Just to cover a few other topics. As far as tuition, I think that you will see tuition frozen, maybe, at schools, but I don't think you're going to see tuition being remitted at any schools, even as schools go online. If there is some sort of massive spike in August where every school's online, law schools, like any entity in the United States, are part of a free market system, so there may be market pressures then to cut tuition, but outside of essentially the vast majority of schools going online (which we don't think is going to happen), I think tuition is going to remain constant; I don't think we're going to see remission of tuition.
I think it'll be a bigger transfer year, because I think schools need to take more transfer students to fill enrollment spots. I do not project that this year schools are going to abandon rankings considerations in order to fill larger classes. I actually think that's coming next year — because, since the Great Recession, almost all law schools have had some sort of funding from their central universities, and a lot of them have been essentially underwritten by their central universities. That's going to shut off, because colleges are being impacted more than law schools, and colleges have less ability to be nimble than law schools (they're larger; they have dorms).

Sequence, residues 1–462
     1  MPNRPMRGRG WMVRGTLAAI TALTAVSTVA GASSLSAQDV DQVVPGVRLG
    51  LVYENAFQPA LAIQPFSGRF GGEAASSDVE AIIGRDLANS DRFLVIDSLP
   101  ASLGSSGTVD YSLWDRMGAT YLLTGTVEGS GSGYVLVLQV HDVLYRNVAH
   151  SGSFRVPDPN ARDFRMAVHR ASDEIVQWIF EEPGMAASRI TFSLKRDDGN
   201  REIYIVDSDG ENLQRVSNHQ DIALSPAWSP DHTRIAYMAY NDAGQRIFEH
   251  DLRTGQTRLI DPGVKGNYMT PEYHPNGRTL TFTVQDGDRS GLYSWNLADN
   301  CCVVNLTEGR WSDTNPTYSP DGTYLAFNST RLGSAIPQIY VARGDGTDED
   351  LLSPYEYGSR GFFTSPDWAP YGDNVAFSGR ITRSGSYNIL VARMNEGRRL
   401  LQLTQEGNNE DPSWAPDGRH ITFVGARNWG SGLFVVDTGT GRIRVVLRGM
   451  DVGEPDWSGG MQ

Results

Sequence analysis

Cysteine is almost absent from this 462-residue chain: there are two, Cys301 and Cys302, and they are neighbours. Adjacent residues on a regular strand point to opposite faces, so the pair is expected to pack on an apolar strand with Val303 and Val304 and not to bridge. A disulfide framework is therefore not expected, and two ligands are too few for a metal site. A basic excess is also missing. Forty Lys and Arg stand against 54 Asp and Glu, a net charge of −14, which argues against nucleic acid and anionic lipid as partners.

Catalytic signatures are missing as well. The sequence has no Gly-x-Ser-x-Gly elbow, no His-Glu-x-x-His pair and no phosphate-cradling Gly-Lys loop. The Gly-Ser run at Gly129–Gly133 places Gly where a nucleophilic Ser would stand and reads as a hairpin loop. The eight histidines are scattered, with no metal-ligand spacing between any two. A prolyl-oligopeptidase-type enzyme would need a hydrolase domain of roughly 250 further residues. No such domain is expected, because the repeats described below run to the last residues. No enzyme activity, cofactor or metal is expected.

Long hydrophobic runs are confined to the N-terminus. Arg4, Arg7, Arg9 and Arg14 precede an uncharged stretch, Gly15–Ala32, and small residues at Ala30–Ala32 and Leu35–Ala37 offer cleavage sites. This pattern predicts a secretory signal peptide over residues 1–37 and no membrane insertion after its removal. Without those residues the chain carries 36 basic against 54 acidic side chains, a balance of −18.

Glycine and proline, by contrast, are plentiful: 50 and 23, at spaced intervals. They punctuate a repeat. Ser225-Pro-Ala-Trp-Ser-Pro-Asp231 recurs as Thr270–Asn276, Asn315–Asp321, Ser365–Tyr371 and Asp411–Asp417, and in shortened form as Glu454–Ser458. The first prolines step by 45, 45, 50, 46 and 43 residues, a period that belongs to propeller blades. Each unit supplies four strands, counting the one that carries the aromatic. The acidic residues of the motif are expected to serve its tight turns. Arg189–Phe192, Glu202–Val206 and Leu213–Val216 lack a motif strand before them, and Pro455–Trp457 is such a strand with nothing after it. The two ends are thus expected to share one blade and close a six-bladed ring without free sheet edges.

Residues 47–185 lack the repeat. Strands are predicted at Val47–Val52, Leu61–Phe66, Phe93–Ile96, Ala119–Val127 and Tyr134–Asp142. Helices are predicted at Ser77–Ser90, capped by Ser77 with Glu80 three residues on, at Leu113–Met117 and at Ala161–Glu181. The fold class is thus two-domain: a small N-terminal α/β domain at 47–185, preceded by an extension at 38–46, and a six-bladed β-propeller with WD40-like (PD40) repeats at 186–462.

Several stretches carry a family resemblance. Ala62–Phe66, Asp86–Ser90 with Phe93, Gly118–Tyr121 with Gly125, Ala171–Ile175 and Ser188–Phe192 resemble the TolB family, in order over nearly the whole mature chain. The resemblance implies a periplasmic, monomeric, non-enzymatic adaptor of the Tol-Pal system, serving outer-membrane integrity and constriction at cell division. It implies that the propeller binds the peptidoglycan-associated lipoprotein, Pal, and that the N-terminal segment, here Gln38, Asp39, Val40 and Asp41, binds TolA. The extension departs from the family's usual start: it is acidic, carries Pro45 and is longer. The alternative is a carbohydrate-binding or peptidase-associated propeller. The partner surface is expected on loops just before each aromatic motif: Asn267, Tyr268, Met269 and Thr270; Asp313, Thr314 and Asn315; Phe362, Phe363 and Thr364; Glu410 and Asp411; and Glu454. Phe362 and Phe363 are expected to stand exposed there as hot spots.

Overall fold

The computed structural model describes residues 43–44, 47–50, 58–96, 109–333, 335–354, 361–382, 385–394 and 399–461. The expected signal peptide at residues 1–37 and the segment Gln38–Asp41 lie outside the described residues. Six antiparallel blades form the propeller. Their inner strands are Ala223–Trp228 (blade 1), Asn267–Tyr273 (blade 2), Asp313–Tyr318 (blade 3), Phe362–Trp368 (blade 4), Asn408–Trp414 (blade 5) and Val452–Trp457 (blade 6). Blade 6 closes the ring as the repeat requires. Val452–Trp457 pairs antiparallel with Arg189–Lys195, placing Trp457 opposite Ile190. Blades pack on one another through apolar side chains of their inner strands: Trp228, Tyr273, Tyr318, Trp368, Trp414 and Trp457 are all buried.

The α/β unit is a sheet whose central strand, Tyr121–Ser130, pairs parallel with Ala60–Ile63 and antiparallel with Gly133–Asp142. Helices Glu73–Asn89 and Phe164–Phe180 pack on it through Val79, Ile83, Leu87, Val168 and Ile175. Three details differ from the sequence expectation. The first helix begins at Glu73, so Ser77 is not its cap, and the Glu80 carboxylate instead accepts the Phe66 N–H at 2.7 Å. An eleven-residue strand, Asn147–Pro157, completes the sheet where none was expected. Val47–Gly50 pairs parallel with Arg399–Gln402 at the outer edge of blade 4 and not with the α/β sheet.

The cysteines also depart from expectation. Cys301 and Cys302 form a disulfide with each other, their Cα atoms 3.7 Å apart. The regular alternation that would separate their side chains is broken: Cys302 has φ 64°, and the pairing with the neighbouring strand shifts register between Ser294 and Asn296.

So I will venture a little bit into next cycle, which is to say that while this cycle, I think, class sizes will stay relatively stable, maybe even a scenario where they decrease a little bit to keep medians and also to make social distancing in the classroom a little bit easier (maybe, I don't know that), I do expect that next cycle there are going to be more applications; we're going to have a blog on that in June, and I expect class sizes to also increase next cycle.
I hope this was helpful. We wanted to talk to as many people as we could, and we have; we've talked to a large number of people now. But again just to reiterate the point, things can change. These are uncertain times. But as far as we know right now, we don't think many schools are going to be entirely remote; we've only heard of one other that might be considering that. We do think you're going to see various different platforms of hybrid models where you'll be on campus, but perhaps not all of your classes are going to be in person.
This was Mike Spivey with the Spivey Consulting Group.